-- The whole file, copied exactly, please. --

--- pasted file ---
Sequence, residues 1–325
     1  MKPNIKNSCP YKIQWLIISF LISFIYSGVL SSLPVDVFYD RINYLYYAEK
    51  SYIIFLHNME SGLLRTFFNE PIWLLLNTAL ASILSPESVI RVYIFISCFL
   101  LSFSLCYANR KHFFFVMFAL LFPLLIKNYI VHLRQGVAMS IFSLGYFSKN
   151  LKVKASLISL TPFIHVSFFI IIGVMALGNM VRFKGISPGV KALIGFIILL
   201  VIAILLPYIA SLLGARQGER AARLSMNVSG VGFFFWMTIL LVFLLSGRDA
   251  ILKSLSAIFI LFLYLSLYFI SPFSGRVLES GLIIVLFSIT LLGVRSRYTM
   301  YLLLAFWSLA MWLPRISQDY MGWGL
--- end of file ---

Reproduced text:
Sequence, residues 1–325
     1  MKPNIKNSCP YKIQWLIISF LISFIYSGVL SSLPVDVFYD RINYLYYAEK
    51  SYIIFLHNME SGLLRTFFNE PIWLLLNTAL ASILSPESVI RVYIFISCFL
   101  LSFSLCYANR KHFFFVMFAL LFPLLIKNYI VHLRQGVAMS IFSLGYFSKN
   151  LKVKASLISL TPFIHVSFFI IIGVMALGNM VRFKGISPGV KALIGFIILL
   201  VIAILLPYIA SLLGARQGER AARLSMNVSG VGFFFWMTIL LVFLLSGRDA
   251  ILKSLSAIFI LFLYLSLYFI SPFSGRVLES GLIIVLFSIT LLGVRSRYTM
   301  YLLLAFWSLA MWLPRISQDY MGWGL